The primary purpose of a persona is so that you won’t design for yourself, or for your boss, or that loud, annoying client.—Alan Cooper.
Alan Cooper is an American software designer and programmer. Widely recognized as the “Father of Visual Basic,” Cooper is also known for his books including The Inmates are Running the Asylum. Learn more…
I hear it from developers, product managers, product marketers, executives. When writing anything from a press release to a programming module, most folks write for their parents. Or their friends. Or themselves.
That’s the value of personas. They remind you that you are not the target customer, nor are your colleagues, your leaders, or your families.
My first encounter with the term persona was in Cooper’s The Inmates Are Running the Asylum yet I’d been using the concept for years without this handy label. “Actors” is a similar concept from UML; so is “audience profiles” from the world of marketing.
But it seems the persona concept is under attack from some quarters.
I’ve heard “personas don’t work for us” and “we don’t use personas; we write for ourselves.”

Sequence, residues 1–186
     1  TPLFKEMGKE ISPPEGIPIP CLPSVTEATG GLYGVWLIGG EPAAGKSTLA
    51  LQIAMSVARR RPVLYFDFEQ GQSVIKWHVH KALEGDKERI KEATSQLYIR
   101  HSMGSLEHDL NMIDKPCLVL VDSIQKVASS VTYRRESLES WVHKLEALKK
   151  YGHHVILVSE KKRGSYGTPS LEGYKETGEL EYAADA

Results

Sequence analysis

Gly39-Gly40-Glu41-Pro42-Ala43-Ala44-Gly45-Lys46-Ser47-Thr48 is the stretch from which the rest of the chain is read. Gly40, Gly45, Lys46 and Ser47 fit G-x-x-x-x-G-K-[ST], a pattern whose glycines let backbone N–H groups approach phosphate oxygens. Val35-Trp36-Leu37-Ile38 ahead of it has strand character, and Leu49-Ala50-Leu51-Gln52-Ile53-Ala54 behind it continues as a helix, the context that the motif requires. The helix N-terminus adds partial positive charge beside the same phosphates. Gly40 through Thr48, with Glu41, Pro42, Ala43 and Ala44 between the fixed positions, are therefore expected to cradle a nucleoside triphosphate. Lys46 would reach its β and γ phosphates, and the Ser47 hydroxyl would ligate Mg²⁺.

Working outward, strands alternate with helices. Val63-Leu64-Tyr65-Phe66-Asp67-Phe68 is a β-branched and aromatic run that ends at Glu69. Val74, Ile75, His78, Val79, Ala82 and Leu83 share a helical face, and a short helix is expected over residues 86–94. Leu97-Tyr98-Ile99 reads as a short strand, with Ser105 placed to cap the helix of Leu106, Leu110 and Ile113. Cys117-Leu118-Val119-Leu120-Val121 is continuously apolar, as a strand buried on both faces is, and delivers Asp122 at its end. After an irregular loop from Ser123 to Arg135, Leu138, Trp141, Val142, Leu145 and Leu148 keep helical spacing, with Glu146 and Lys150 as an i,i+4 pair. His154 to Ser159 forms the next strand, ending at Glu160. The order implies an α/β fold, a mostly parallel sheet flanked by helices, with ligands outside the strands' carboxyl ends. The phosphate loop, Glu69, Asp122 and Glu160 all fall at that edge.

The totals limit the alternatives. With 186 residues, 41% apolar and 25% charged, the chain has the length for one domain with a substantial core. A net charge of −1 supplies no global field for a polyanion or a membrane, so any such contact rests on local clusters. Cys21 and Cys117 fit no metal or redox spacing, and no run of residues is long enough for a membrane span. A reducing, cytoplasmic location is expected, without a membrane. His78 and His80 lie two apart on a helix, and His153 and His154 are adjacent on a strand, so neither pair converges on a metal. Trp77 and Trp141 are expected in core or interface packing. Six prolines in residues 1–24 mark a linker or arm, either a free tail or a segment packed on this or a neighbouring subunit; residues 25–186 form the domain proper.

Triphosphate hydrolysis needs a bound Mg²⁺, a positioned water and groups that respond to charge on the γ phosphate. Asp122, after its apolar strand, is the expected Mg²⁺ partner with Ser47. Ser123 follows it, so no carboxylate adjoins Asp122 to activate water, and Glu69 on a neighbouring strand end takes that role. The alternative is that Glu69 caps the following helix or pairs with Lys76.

Invariably when I pursue these concerns, I learn their personas are fictional biographies of theoretical people; they are not based on real people. These “bad” personas are not written based on personal experience with buyers and users of their products. These personas were written by marketing people working with HR and sales people. They’re out of sync with real people with real problems. One marketing team created about 40 personas based on the job descriptions in their HR systems… ignoring that technical team members working at a vendor are materially different from those in internal IT.
When writing, you’re goal is to communicate. Writing doesn’t have to be simple as long as it’s clear to the reader. If your reader knows XML, you can write about classes and inheritance. If not, not. Know who you’re writing for before you start writing.
Do you have personas in your product playbook?